company has also used Corning Gorilla Glass on the device to give it
The AMOLED screen on the Moto X was able to show full
colours and deep blacks like many of Samsung's high-end Galaxy
smartphones which also have AMOLED screens. Colours on the Moto X are
quite vibrant and consistently reproduced well. Thankfully, viewing
angles are never a problem. The display is not very reflective and
visibility under the sun was acceptable.
Text on the Moto X was
always crisp and clear against white backgrounds. Typing on the 4.7-inch
touchscreen would be comfortable for most people, and there's always
Swype for those with extremely large hands. After using the device for
some time we feel that although it doesn't comes with a full-HD display,
316ppi is more than enough for a screen of this size.
The Moto X
is a single-SIM phone with 3G but no LTE support. Connectivity options
include Bluetooth 4.0 LE, Wi-Fi 802.11a/g/b/n/ac, GPS/AGPS, EDGE/GPRS
and 3G (HSPA+).
One of the highlights of the Moto X when it
launched abroad was its customisability. Buyers could choose from up to
18 rear panels, different colour accents for the ring around the camera
lens, accents around the volume and power buttons, and have a personal
message etched at the back of the phone. However, this option is not
available in India. You'll have to choose from a few basic colour
combinations offered by Flipkart.
The Moto X comes running Android
4.2.2 Jelly Bean; however the company rolled out an update to Android
4.4.2 KitKat in November last year. Much like Google's Nexus devices,
the Moto X uses a stock build of the operating system, without any
additional UI skinning. Notably, the Moto X features on-screen keys for
Back, Home and Recents.
Thanks to the Android 4.4 KitKat, the Moto
X features a number of visual changes including a new launcher, making
the interface even more minimalistic. The first noticeable change in the
UI is the transparent status bar and navigation key area at the top and
bottom, which is reminiscent of the Nexus 5. The Moto X's lock
screen features a small camera button that can launch the camera app
Unfortunately the Moto X ships with an older app drawer
that shows a second tab for widgets, unlike the new launcher on Nexus 5,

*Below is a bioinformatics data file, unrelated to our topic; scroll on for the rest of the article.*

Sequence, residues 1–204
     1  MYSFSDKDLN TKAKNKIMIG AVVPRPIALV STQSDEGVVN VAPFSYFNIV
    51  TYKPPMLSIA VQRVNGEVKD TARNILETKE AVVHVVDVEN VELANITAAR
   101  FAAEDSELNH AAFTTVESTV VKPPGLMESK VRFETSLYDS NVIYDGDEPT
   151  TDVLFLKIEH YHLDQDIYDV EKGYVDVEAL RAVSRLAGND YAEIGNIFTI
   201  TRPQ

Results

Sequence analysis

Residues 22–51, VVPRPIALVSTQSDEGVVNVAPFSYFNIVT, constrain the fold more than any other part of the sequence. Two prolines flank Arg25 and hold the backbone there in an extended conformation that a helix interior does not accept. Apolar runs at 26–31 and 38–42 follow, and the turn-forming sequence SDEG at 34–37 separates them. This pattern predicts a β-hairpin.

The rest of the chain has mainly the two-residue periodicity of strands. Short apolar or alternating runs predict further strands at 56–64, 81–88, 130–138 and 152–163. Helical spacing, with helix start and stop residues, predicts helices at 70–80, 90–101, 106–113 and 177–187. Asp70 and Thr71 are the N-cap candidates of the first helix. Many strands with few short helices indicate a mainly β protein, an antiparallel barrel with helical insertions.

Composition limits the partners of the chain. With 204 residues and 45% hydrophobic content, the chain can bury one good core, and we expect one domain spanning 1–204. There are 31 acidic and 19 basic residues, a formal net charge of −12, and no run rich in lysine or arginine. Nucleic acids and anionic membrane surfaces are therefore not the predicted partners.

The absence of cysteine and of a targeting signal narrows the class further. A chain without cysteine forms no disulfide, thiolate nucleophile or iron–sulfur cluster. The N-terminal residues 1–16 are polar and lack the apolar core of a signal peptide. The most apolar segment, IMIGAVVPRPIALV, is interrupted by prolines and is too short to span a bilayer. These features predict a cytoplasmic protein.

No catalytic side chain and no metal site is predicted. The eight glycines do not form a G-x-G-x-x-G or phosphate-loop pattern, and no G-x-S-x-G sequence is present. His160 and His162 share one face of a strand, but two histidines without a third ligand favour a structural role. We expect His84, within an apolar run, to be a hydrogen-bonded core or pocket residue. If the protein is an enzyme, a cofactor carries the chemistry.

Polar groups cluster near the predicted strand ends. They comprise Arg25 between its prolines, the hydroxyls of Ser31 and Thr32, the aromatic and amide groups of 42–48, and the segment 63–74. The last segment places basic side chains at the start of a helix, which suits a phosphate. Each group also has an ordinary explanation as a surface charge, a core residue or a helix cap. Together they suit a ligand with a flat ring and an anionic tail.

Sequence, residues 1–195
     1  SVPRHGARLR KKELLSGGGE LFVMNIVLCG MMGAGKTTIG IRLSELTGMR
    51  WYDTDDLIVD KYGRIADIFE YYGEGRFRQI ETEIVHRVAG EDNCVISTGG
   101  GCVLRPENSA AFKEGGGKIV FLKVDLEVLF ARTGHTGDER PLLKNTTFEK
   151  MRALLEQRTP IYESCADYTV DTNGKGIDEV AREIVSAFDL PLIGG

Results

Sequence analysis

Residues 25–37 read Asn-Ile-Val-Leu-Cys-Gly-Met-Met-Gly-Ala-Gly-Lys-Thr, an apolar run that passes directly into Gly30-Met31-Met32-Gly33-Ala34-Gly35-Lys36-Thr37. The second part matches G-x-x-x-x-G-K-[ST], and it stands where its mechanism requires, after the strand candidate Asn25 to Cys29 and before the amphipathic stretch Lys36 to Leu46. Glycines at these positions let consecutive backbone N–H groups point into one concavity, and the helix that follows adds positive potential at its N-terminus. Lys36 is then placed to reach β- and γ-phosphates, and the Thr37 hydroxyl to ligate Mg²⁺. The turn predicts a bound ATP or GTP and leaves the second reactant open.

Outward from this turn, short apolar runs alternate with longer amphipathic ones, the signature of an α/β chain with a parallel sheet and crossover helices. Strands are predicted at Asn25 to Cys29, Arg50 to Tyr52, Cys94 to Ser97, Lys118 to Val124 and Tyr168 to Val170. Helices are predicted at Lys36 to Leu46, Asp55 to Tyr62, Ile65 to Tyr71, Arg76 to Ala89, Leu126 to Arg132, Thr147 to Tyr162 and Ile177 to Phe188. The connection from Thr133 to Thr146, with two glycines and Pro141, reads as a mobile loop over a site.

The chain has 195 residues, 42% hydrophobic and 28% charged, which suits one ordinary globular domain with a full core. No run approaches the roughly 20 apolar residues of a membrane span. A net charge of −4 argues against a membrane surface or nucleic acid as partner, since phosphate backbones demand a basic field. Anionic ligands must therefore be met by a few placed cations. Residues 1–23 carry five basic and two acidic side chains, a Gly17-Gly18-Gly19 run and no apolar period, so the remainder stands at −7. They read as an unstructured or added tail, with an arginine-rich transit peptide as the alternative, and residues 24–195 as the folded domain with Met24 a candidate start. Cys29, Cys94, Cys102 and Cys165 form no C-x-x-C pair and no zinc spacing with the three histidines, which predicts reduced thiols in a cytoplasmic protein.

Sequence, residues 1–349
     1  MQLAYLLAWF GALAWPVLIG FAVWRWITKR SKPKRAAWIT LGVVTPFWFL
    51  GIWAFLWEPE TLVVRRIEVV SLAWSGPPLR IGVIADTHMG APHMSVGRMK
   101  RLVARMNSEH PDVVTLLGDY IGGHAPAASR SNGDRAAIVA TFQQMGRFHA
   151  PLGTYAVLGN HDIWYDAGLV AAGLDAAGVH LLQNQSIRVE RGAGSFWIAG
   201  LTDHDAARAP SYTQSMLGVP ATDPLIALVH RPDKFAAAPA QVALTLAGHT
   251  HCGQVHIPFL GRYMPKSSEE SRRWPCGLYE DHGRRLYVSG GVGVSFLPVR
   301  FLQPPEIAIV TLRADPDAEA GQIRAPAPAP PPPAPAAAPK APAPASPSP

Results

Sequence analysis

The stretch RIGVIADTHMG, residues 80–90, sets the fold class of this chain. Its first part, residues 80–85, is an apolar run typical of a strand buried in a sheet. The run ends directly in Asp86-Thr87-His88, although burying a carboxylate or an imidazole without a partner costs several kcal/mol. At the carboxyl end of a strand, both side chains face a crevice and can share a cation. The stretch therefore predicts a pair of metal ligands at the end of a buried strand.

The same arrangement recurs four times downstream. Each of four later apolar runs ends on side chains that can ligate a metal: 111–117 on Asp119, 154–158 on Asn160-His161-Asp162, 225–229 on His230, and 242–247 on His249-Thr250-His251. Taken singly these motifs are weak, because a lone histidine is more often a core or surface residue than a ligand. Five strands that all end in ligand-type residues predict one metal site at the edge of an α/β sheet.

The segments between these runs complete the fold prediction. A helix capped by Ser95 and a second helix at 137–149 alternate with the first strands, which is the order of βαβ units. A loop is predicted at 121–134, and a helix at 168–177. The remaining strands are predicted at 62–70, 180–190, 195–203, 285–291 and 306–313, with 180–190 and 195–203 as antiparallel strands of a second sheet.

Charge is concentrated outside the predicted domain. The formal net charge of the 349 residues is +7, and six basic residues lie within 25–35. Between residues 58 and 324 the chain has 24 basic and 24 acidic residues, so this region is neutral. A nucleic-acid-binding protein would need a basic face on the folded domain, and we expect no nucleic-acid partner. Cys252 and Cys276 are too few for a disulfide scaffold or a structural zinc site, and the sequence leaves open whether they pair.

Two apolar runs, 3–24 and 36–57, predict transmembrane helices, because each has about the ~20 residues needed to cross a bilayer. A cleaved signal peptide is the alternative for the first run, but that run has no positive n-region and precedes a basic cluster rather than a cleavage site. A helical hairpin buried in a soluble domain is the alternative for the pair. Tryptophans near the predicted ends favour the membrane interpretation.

which only features app icons.
Notifications on the Moto X can be
expanded by pulling down with two fingers. There are also quick
shortcuts for brightness, Wi-Fi, network, battery status, airplane mode,
Bluetooth, and location settings.
The Moto X features the
revamped Phone app that now automatically prioritises contacts based on
how often you talk to them. The Moto X also includes a new Photos app
that lets you to see and edit local and Google+ images. The new Photos
app features deeper integration with Google+ and can be used to enable
tagging in photos. The old Gallery app is still included as well. The
Email app on the Moto X is an overhauled version, which now displays the
pictures of contacts for emails.
The Moto X also features Google
Now, which can be launched by swiping up from the home button. For those
unaware, Google Now is voice-based information assistant and an
extension of Google search. It shows cards, which are essentially small
boxes, which show different sets of information like a weather forecast,
directions, traffic information, scores, appointments, currency
Some of the Google apps that come preloaded on
the Moto X include Google Drive, Keep, Play Games, Play Movies, Play
Music, Play Books, Play Newsstand and Quickoffice for creating and
editing documents, spreadsheets and presentations. Android 4.4 KitKat
has also added the Print option to the Moto X. You can print documents
through the Google Cloud Print plug-in, or via apps made by printer
In addition, Motorola preloads two other major apps
on the Moto X. Motorola Migrate can help move the contents of an old
Android phone to your new Moto X. Motorola Assist allow users to silence
the device while sleeping or driving. We tried it out, and noted that
the app automatically rejected calls and sent a text message to callers
at times when we told it we were busy.
The Moto X with its Android
4.4.2 KitKat OS is one of the most modern smartphones available in the
mid-segment in India, perfectly sandwiched by the higher-priced Nexus 5
and cheaper Moto G.
Active Display, Quick Capture and Touchless Control
real power behind Motorola's first device under Google, the Moto X, is
not its hardware but the software that runs on it. The Moto X features
Touchless Control, Quick Capture and Active Display, three features
which make it unique in its segment.
As teased by Motorola,
Touchless Control means "Moto X responds to your voice, no touching
necessary. And you can ask it just about anything."The feature was first
seen in Google Glass and then in voice search on Chrome. It lets users
control the phone with simple voice commands prefixed with "Okay,
Touchless Control also lets users access Google Now,
which is a voice-based assistant. The interesting bit is that you don't
need to touch the phone or take it out of your pocket. If enabled, it
always actively listens to the user and follows commands.
Control needs to be enabled in the settings. During the short setup
process, the phone needs to record samples of your voice for
recognition. After this, you can perform various tasks using voice
commands, just as long as there's an active Internet connection at all
Another feature is Active Display, which Motorola touts as a
new way to glance at the updates on your smartphone. AMOLED screens can